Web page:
The Panels 2015 Read Harder Challenge consists of 26 challenge categories spanning the breadth and depth of all things that may be considered comics. Every week we’ll give you reading recommendations from one of the categories.
The “Golden Age” of comics describes the beginning of American comics. This era gave birth to many of the most recognizable superheroes in existence: Superman, The Fantastic Four, Batman, Wonder Woman, and Captain America. It was a time when women and people of color struggled to even be seen, let alone meaningfully contribute in the workplace. Nevertheless, there were some gems that were published between 1938 and 1955.
Wonder Woman by Robert Kanigher, Ross Andrew, and Mike Esposito; created by Elizabeth Holloway Marston: The first lady of comics got her start in the Golden Age, originally created by Elizabeth Holloway Marston, a psychologist. WW’s early years were uneven and filled with storylines in which the male writers had no idea how to write a female lead, but this is where Wonder Woman got her start. — Chris Arnone
Miss Fury Sensational Sundays: 1941-1944 by Tarpe Mills; edited by Trina Robbins: Miss Fury isn’t a household name now, but it was an adventure strip not only starring a woman, but written, drawn, and edited by women. Miss Fury actually predates Wonder Woman, though not by much. The storytelling is much more even than WW’s and Tarpe Mills really knew how to write a female lead. — Chris Arnone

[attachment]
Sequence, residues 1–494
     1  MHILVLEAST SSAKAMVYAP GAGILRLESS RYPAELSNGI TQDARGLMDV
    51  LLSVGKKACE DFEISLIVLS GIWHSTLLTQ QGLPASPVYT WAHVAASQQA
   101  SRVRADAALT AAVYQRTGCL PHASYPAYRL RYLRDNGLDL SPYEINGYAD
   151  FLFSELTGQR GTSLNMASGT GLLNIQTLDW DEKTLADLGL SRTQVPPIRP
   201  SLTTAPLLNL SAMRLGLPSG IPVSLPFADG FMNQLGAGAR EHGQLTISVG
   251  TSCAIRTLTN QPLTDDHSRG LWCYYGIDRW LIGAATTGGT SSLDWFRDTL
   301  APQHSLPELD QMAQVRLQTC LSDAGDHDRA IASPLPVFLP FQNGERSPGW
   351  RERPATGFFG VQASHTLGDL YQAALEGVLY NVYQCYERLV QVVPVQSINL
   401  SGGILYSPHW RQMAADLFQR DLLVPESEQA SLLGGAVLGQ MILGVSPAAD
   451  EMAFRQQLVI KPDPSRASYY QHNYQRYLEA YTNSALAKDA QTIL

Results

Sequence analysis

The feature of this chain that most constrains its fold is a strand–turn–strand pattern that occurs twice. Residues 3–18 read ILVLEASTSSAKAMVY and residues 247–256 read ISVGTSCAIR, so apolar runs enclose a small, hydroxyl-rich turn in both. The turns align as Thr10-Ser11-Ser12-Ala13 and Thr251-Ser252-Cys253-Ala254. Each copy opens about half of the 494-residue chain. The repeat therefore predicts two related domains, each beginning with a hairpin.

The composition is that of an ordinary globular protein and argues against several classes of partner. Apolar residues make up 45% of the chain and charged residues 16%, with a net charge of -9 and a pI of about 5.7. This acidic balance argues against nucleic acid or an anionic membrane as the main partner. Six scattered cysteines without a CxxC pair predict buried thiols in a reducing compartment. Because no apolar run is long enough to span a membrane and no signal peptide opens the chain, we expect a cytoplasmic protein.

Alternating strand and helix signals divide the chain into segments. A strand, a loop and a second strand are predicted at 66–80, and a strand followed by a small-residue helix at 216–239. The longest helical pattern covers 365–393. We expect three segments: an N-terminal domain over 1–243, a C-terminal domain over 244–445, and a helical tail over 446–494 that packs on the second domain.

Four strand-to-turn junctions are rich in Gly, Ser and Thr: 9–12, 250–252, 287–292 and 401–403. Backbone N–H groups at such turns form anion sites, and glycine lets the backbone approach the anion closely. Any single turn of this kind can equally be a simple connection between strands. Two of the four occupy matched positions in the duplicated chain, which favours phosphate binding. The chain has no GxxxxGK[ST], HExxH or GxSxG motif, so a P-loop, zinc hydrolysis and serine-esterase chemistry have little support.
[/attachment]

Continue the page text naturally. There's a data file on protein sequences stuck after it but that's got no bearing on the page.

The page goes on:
The Phantom Lady by Will Eisner, Jean Marie Stine, Jerry Iger, and Ruth Roche: The Phantom Lady is another female superhero that predates Wonder Woman and she was one of the earliest examples of the problem of the “male gaze” inn comics when Matt Baker redesigned her costume to be more revealing. Regardless, The Phantom Lady was written, drawn, and edited by a stable of serious talent back in the 1940s and the character has survived into the modern era. — Chris Arnone
The Green Turtle by Chu F. Hing was published by Blazing Comics in 1944. The Green Turtle is considered the first Asian American superhero since that was his creator’s intent, but the publishers wouldn’t go for it during WWII, so his face was never revealed. It’s also a recurring situation throughout his comics that his origin story is left untold…conveniently interrupted before the hero can divulge it time and again. While the Green Turtle was without superpowers, he did fly the “Turtle Plane” and consistently had a shadowy turtle figure present in the background of his comics. Much was left unsaid and remains unknown about Green Turtle, but Gene Luen Yang and Sonny Liew created a back story for him in 2014’s The Shadow Hero. — Andi Miller
Detective Comics by Bob Kane and Bill Finger
Action Comics by Jerry Siegel and Joe Schuster
Fantastic Four by Stan Lee and Jack Kirby
Captain America by Joe Simon, Jack Kirby, Stan Lee, and Al Avison
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